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Texas human smuggling deaths: Text messages led to alleged big rig driver's accomplice, court documents reveal

Four people have been charged in connection to the San Antonio human smuggling deaths. Two of the four could face the death penalty.

SAN ANTONIO — The alleged driver of the tractor-trailer involved in the deadliest human smuggling incident in U.S. history made his first court appearance in federal court in San Antonio.

He and another U.S. citizen could face the death penalty for their role in the deaths of 53 people. 

Court documents reviewed by KHOU 11 News provide a better picture of the moments leading up to that gruesome discovery in San Antonio. 

Text messages sent by the alleged driver, Homero Zamorano, helped federal investigators track down those responsible. 

According to the criminal complaint, Zamorano was caught on CBP cameras driving the 18-wheeler through a checkpoint near Encinal, TX. Hours after that photo was taken, law enforcement discovered 48 dead in the semi-truck. Five would later die at local hospitals including several children. 

Zamorano was spotted by police in a nearby field pretending to be one of the survivors. He's now charged with smuggling leading to the deaths of 53 people.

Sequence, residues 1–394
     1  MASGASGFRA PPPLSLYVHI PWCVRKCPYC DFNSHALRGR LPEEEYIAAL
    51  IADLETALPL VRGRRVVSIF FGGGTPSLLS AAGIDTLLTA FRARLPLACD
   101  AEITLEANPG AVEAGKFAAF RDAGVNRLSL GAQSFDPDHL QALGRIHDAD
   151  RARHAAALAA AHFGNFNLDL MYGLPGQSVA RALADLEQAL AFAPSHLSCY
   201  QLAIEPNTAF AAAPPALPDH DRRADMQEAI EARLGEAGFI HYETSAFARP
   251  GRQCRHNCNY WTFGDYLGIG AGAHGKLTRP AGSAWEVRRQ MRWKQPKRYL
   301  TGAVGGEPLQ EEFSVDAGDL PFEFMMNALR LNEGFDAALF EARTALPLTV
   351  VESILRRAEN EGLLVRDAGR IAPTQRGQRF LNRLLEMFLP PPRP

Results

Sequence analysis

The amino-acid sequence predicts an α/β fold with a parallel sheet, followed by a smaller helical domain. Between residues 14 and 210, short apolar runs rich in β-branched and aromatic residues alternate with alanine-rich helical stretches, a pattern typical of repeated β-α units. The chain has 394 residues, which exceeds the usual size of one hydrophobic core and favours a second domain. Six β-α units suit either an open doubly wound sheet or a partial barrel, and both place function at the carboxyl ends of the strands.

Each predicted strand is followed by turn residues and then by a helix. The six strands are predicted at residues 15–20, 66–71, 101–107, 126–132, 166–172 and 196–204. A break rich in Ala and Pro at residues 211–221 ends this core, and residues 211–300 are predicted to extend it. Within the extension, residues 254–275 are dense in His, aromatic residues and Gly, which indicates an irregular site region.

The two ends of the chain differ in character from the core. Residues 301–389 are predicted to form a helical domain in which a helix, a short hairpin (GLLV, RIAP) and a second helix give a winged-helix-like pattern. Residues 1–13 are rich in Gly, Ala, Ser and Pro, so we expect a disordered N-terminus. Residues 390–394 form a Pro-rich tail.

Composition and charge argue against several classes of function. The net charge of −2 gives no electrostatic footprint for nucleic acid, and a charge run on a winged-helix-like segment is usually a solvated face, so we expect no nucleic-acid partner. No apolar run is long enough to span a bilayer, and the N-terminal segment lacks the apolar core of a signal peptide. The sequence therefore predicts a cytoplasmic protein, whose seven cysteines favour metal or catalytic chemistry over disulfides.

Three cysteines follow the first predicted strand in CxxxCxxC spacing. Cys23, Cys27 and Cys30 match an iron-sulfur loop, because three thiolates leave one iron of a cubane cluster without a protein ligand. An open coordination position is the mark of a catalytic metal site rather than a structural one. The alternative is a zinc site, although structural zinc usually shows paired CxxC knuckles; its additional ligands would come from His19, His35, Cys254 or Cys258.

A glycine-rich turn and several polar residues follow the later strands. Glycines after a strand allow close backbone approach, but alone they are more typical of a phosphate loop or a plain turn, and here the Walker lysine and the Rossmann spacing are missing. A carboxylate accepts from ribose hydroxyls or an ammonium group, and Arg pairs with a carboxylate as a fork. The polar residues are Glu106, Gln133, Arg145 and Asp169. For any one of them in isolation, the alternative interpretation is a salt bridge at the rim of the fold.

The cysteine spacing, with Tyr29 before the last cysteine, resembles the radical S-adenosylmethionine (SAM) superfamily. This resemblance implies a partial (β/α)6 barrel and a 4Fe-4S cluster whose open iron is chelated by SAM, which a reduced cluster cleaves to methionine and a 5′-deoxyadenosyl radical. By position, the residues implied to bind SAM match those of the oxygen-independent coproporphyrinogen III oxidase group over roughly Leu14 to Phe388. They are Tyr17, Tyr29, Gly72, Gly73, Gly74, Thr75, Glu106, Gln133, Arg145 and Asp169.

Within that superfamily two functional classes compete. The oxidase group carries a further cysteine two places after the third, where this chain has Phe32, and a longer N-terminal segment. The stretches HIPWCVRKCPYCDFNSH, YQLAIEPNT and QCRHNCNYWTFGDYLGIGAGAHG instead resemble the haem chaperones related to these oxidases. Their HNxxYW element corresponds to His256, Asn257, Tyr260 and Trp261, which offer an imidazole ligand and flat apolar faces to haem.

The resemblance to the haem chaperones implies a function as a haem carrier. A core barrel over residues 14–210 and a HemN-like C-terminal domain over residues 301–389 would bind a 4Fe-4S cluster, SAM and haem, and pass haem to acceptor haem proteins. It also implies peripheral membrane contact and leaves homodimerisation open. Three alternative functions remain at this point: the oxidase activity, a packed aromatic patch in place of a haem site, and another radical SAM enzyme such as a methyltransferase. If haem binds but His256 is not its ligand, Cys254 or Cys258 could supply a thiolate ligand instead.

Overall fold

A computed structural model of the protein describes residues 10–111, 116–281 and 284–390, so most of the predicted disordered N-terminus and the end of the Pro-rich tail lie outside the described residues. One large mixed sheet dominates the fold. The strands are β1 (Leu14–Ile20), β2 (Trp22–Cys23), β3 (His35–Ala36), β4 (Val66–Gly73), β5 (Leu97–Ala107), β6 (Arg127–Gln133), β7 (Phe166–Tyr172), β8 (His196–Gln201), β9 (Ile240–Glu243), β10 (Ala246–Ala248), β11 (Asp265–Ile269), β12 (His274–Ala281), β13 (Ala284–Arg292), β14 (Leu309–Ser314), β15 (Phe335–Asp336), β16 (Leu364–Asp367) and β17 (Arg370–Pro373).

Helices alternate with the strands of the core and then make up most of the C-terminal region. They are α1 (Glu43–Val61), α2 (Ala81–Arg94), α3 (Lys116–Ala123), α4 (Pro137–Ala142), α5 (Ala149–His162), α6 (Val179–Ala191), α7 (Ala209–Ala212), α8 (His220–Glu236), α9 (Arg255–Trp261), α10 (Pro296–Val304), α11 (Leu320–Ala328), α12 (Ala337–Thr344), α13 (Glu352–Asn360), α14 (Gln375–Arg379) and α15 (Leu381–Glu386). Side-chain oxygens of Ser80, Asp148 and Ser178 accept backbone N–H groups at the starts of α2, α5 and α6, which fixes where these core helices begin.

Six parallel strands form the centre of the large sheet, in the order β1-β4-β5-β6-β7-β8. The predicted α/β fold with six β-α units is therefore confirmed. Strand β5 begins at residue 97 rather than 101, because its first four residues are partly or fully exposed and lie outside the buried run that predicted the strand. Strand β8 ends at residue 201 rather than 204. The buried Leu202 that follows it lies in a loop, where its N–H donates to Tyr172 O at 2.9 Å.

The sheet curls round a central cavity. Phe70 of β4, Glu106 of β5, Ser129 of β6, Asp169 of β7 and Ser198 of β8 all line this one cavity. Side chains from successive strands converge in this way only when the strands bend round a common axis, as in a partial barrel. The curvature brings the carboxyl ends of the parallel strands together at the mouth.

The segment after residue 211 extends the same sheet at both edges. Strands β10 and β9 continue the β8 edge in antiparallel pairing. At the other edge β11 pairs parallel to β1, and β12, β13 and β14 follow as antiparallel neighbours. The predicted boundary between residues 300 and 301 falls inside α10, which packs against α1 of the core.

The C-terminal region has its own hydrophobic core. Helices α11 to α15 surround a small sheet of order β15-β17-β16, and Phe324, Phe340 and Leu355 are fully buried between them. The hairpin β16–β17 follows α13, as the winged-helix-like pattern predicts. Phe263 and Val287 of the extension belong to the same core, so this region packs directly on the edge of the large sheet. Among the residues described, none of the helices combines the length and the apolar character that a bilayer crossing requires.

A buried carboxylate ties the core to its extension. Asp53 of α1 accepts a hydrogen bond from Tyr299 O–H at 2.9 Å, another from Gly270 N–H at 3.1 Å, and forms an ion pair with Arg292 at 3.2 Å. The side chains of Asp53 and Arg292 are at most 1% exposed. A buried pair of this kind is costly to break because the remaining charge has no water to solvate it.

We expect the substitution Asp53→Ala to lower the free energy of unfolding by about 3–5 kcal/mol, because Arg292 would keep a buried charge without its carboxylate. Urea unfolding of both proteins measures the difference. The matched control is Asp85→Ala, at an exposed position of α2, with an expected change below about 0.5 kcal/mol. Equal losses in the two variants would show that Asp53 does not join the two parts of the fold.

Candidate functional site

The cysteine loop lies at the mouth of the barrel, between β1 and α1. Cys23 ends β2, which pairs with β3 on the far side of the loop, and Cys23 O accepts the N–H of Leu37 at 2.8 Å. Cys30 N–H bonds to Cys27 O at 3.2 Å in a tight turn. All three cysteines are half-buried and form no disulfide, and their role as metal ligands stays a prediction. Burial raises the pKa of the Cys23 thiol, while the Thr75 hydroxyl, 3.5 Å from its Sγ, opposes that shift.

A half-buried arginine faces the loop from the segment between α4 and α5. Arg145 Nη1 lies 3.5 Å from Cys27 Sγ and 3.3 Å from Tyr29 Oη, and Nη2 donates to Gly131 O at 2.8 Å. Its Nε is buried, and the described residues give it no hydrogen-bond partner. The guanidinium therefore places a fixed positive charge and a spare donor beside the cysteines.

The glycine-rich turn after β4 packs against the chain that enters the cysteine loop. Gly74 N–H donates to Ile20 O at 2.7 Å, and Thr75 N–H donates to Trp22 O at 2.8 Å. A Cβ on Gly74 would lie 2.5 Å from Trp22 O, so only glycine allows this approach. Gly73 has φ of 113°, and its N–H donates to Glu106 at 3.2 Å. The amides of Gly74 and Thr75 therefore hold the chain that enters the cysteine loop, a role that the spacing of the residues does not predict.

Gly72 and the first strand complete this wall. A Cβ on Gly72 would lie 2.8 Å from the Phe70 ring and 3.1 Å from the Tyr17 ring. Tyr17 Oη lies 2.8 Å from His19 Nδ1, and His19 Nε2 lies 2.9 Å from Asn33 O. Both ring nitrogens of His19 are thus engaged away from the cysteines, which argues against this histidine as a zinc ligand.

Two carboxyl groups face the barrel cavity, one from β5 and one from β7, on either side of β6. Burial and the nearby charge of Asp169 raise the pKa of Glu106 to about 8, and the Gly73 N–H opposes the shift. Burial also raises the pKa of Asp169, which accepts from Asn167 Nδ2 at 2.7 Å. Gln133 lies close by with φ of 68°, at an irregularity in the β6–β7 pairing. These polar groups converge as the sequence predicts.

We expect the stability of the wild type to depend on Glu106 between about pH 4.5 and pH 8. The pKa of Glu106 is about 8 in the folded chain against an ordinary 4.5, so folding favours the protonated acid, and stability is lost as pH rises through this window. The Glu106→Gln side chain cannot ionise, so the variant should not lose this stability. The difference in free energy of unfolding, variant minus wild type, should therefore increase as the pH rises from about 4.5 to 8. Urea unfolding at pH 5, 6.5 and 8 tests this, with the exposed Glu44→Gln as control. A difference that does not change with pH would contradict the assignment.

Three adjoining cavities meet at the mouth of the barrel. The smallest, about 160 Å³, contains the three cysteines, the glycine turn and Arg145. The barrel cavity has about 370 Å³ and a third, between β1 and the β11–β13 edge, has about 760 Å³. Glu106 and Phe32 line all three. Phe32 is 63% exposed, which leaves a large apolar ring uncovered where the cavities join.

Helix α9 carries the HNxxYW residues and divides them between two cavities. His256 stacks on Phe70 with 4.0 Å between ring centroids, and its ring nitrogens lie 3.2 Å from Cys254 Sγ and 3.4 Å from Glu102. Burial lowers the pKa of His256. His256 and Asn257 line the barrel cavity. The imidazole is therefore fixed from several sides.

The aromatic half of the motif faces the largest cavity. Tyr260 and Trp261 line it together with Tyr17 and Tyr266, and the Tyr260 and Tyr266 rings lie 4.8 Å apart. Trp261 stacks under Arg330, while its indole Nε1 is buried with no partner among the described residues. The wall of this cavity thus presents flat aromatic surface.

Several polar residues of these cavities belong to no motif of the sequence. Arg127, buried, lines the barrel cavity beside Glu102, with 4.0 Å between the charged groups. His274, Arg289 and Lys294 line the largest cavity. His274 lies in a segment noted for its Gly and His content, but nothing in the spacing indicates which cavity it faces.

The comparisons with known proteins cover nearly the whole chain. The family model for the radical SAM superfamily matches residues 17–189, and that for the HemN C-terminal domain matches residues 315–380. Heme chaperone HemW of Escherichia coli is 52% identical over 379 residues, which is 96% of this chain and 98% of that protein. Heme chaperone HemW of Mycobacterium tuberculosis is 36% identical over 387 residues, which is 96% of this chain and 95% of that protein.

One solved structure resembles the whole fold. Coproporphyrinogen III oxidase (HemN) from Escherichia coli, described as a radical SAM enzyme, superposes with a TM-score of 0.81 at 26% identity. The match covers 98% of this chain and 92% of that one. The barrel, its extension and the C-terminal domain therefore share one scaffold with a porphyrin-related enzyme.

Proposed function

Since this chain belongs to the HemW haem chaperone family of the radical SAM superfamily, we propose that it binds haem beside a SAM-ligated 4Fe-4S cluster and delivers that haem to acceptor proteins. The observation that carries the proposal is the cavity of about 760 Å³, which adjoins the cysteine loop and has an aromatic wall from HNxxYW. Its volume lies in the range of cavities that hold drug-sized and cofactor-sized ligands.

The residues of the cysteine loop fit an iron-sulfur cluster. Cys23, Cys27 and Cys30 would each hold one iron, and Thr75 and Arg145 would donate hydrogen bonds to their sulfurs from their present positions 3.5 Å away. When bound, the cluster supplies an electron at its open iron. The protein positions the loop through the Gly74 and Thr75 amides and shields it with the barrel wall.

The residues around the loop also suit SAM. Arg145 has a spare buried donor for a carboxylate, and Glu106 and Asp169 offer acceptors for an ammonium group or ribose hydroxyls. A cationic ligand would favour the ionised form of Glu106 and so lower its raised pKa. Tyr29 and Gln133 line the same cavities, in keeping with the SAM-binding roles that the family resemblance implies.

RELATED: 4 arrested, charged in connection with deadly tractor-trailer smuggling incident in San Antonio

Credit: KHOU
Homero Zamorano

Christian Martinez is also in federal custody. He's the man who investigators say repeatedly texted Zamorano that day. 

At 12:17 p.m. Martinez sends Zamorano a photo of a truck manifest. 

Two minutes later at 12:19 p.m., Zamorano responds, "I go to same spot". 

Martinez then sends him GPS coordinates of a location near Laredo, TX. 

By 1:40 p.m. Martinez texts Zamorano, "Way bro", believed to be a typo for "where you at."

Martinez never hears back from Zamorano, repeatedly following up with "call me bro" and "wya" around 6:17 p.m. 

By that time first responders had descended on the scene and Zamorano was under arrest. 

RELATED: Authorities: Big rig driver in deadly human smuggling case pretended to be among the injured

Court docs reveal Martinez admitted to his role in the smuggling event. He told a confidential informant the driver did not know the A/C unit was not working on the truck. 

The medical examiner's office in Bexar County is still working to ID victims but some families have already been notified in their home countries, including seven Guatemalans. 

Manuel Tulul lost his 13-year-old son Wilmer in the trailer. He says they were charged $6,000 by smugglers to get his son to the U.S. He begged his son not to go.

"I told him, you stay here, I work and feed you, but he told me he needed to go struggle. He wanted his house, he wanted something," Manuel said. 

Martinez and two other Mexicans charged in the smuggling cases are expected in court by the end of the week.

Marcelino Benito on social media: Facebook | Twitter | Instagram

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